May 14 '23

Matching complex shapes for a custom keyboard in Fusion360

For my custom mechanical keyboard I wanted to match the shape of my existing keyboard exactly.

My old MS Natural 4K

I found the photogrammetry software, Meshroom. Just with my phone I took some photos of my old natural 4k and used Meshroom to create a 3D model of it. The ease of use of this software out of the box is just incredible. Drag in the images, click go and wait.

Photogrammetry Capture

The Meshroom output was a big, a bit noisy and not aligned to any ground plane. I did some cleanup in blender. Notably, using this plugin (blog) to create a ground plane, snapping an “empty” to it, parenting and un-parenting the empty but keeping the transform and zeroing the object’s rotation to align it.

It turns out this was actually the easy bit. I had designed the key holder already and now I needed to place them in 3D before joining them together. I needed to have the whole layout of all the keys in Fusion360 so I could export a single model and 3D print it. Importing the keyboard mesh from blender was straight forward. I refined the scale, matching measurement some I’d taken from the real keyboard (see the image below). Now the tricky bit is Fusion360 does not really allow interacting with triangle meshes. I couldn’t find a way to create any construction objects relative to mesh vertices or faces in order to place my key holders with the align tool.

Now, I love Fusion360. It’s free, so easy to start using, and having an editable history is a godsend. It can be super frustrating at times when it’s slow and buggy — never ever use Copy Paste Bodies. One frustrating thing about Fusion360 is the total lack of arbitrary transform support. You can move objects along axes defined by their own edges but there’s not always an edge in the direction you want and one node in the history per axis is clunky. It does have an arbitrary x, y, z move tool but editing those in the history is broken as the reference orientation is lost. And don’t get me started on accidentally moving a component and getting random “capture component positions” strewn through the history. This would not do for positioning every key individually.

My first real attempt was to cut the imported mesh in a few places with a construction planes, then create some silhouette sketches on each cut and loft them together. The lofts generated nice curved paths in 3D for each vertex and I made sure to have one for each row of keys. Then used the pattern tool to place key holders along the path. This was so close to what I wanted but I had no control over the key alignment, the rotation about the path. The distance between the paths was also inconsistent and simply dependent on the loft algorithm.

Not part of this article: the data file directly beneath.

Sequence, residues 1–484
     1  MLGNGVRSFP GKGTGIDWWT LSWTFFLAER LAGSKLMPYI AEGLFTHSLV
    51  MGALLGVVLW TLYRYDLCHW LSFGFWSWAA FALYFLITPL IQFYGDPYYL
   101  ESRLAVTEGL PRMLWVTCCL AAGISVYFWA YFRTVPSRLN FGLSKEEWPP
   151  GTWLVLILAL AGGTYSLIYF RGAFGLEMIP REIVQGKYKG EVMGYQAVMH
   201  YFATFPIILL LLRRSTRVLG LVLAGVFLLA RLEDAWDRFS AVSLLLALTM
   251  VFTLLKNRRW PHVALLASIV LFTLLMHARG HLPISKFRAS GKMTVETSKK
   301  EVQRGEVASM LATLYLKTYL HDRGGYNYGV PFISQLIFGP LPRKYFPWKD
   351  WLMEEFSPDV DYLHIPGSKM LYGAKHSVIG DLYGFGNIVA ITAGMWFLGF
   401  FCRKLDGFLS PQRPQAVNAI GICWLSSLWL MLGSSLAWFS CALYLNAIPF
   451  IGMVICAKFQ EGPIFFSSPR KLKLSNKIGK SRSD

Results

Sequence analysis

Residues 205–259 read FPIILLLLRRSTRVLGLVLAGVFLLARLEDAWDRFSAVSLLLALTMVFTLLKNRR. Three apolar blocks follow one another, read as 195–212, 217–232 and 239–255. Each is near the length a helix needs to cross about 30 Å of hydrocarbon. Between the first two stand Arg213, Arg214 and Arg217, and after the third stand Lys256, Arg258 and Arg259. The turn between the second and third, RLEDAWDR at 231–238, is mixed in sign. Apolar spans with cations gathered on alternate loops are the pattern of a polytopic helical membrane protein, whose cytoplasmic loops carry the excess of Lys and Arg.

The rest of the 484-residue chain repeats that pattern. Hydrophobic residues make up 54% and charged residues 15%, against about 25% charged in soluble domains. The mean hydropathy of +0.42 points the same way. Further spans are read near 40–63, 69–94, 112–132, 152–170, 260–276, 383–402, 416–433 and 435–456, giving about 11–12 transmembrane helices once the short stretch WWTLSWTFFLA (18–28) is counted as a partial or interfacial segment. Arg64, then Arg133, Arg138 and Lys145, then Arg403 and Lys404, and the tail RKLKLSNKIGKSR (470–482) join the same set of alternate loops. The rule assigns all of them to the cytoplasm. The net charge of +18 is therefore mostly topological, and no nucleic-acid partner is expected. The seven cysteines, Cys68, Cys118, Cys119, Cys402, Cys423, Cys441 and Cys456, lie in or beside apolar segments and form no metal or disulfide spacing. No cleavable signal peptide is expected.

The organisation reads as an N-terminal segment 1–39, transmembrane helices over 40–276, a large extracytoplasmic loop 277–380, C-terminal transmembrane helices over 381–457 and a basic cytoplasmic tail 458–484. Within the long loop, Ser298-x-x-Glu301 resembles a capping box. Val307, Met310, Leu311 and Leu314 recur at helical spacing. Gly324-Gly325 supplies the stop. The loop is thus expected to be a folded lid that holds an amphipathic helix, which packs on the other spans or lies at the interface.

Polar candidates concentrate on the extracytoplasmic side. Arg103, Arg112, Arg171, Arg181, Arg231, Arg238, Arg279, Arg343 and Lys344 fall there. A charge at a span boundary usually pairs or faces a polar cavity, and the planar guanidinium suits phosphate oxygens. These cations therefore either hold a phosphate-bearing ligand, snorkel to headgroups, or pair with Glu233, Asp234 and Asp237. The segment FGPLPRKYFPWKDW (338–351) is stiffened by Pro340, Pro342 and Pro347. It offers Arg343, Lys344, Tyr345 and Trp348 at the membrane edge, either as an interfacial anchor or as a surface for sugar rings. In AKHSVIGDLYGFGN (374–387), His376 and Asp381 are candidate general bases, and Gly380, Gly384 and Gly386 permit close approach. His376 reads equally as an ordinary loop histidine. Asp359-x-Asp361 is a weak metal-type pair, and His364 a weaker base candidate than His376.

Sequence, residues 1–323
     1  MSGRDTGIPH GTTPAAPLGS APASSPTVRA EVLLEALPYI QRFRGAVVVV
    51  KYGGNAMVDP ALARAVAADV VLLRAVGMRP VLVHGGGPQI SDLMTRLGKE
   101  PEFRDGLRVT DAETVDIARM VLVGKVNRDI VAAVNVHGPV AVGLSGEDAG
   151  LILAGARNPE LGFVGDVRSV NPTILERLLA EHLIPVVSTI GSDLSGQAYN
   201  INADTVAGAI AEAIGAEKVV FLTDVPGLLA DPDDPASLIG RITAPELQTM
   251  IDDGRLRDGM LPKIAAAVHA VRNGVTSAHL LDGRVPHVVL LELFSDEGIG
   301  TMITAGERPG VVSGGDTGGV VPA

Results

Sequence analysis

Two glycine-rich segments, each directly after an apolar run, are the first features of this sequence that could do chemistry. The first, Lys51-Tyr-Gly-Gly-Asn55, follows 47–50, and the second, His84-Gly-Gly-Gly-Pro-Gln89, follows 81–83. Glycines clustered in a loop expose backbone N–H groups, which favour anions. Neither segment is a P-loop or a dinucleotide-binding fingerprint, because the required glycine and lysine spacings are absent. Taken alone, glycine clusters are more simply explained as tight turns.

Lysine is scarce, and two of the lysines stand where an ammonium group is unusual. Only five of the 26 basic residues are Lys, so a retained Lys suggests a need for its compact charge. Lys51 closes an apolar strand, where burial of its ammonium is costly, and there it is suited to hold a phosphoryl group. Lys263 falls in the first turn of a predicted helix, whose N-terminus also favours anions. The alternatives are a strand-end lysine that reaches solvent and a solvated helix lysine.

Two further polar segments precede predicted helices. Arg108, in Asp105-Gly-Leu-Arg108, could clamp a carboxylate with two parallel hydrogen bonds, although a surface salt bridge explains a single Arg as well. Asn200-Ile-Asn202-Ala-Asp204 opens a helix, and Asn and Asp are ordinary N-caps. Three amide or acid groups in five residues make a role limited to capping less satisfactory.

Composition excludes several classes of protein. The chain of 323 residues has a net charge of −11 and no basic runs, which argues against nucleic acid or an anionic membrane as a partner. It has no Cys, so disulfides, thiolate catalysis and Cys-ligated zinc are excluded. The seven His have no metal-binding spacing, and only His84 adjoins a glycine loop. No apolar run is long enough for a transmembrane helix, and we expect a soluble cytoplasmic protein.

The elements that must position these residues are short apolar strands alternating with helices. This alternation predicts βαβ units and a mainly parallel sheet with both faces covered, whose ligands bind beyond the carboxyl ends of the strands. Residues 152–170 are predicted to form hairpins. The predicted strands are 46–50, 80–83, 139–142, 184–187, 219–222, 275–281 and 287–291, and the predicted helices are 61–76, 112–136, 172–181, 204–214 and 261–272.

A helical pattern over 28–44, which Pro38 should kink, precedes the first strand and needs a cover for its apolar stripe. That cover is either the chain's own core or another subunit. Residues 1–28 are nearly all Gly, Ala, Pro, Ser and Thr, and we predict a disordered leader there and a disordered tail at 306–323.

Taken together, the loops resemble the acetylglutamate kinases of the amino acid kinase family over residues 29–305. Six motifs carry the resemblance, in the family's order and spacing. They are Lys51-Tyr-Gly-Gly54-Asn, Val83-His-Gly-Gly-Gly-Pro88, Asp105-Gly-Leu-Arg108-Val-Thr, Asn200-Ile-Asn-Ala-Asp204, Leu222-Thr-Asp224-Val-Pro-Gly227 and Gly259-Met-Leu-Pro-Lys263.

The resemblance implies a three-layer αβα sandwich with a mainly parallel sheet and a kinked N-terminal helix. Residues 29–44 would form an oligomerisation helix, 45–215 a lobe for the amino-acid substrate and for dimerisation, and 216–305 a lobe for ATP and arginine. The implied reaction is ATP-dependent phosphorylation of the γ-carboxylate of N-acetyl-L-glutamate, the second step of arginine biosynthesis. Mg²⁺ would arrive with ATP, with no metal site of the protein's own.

I tried something else. I had a vague idea that I wanted to make some kind of curved plane to match the MS Natural 4K, then place my keyboard layout over it and copy my key holder design to all the keys. I used blender to model some NURB patches, then apply my layout as a texture and finally snap some quads at the location of each key. See above. Boy if only I remembered Fusion360 wouldn’t be able to do anything useful with these, hey. I was too optimistic. I imported the quads as a mesh. Unlike last attempt I now had precise locations I wanted each key at along with a plane to align to, just no way to get Fusion360 to use them. I played around with, creating paths on construction planes, trying to use pattern on path, but still struggling with alignment. Another important cosideration was this:

The key rows of the MS Natural 4K curve in multiple directions

It’s subtle, I could probably do without but I decided I needed this level of control. Creating a path on a plane was not going to work since the path would need to curve away from the plane in some places. Finally I had a Fusion360 epiphany: I would extrude two curved paths and intersect them.

This worked really well. I’m quite proud. I could design the curves from top down and side on, looking at my reference 3D model and the quads I’d made earlier. The path along the intersection would put the keys in the right spots. I made 4 separate extrusions, one for each row, so that I could also use the align tool and set the initial rotation of the key holder for the pattern tool. I’ll admit to exaggerated some of the top down curves and increasing the dips under the D and K keys, so I can’t truly say the layout is the same as the 4K.

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